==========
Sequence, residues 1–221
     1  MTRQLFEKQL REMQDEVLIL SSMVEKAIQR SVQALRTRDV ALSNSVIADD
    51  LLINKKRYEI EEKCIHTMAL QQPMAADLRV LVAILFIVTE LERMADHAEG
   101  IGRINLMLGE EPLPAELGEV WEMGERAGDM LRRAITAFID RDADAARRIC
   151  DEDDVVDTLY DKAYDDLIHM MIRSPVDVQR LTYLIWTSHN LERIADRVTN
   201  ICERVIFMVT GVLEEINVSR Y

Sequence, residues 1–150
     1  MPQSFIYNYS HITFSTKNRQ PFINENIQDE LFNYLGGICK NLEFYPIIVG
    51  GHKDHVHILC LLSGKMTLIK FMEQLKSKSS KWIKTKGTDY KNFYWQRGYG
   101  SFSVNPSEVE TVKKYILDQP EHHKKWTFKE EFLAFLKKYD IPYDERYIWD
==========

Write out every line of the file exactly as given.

Sequence, residues 1–221
     1  MTRQLFEKQL REMQDEVLIL SSMVEKAIQR SVQALRTRDV ALSNSVIADD
    51  LLINKKRYEI EEKCIHTMAL QQPMAADLRV LVAILFIVTE LERMADHAEG
   101  IGRINLMLGE EPLPAELGEV WEMGERAGDM LRRAITAFID RDADAARRIC
   151  DEDDVVDTLY DKAYDDLIHM MIRSPVDVQR LTYLIWTSHN LERIADRVTN
   201  ICERVIFMVT GVLEEINVSR Y

Sequence, residues 1–150
     1  MPQSFIYNYS HITFSTKNRQ PFINENIQDE LFNYLGGICK NLEFYPIIVG
    51  GHKDHVHILC LLSGKMTLIK FMEQLKSKSS KWIKTKGTDY KNFYWQRGYG
   101  SFSVNPSEVE TVKKYILDQP EHHKKWTFKE EFLAFLKKYD IPYDERYIWD